We have spoken to Nathan Fuller at Bradleymanning.org who has given us gracious permission to reprint his daily firsthand reports, which you can find below highlighted by date. Summaries, commentary, and videos provide a comprehensive chronicle of events from start to finish.
The defense has finished calling witnesses, and Bradley Manning will not testify. Their focus has moved toward dismissing the charges against him. The first charge is that of computer fraud, with the distinction being made between use and access. That legal distinction is recounted below.
The second charge is the most serious: aiding the enemy. The defense has moved to dismiss based on the fact that there is no evidence to suggest that Manning was using WikiLeaks as an intentional conduit to al Qaeda. The defense recounted the circumstantial evidence that has been offered, but nothing close to tangible proof that Manning was anything but negligent, perhaps. The defense is arguing that the government is attempting to draw a link between giving information to the press and directly aiding enemies of the United States. If such a conclusion is permitted, it will greatly impact the public’s right to learn of the findings of investigative reporters and whistleblowers. The government even stated that they would have charged Manning the same way if WikiLeaks had instead been the New York Times. This is something we should keep in mind as the Edward Snowden/NSA spying story moves forward, as documented by The Guardian’s Glenn Greenwald.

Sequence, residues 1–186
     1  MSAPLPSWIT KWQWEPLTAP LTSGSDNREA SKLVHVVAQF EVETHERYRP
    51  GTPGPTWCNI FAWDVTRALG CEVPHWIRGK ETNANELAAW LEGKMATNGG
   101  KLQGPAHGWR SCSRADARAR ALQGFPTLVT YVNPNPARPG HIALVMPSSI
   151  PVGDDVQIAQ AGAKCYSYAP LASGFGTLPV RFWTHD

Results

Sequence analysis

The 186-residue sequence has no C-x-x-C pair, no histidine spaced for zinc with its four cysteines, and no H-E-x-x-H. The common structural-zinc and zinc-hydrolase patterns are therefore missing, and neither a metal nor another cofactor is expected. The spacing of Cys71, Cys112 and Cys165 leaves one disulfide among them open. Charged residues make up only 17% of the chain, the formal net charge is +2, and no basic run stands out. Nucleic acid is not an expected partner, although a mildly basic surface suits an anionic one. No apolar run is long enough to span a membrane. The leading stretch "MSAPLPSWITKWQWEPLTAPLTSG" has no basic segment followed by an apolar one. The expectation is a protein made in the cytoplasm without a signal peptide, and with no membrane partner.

Judge Lind is expected to rule on these two charges in Thursday’s session, when the government’s rebuttal case will begin. The full court report from Day 18 can be read below.